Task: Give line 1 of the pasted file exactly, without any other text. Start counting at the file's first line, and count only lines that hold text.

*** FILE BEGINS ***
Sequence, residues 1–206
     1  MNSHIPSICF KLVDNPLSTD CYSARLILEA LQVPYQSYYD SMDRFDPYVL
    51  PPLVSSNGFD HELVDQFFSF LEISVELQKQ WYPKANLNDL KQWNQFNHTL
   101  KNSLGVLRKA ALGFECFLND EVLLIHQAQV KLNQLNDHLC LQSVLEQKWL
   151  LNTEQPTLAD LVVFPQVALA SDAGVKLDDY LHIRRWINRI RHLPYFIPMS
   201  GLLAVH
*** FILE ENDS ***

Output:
Sequence, residues 1–206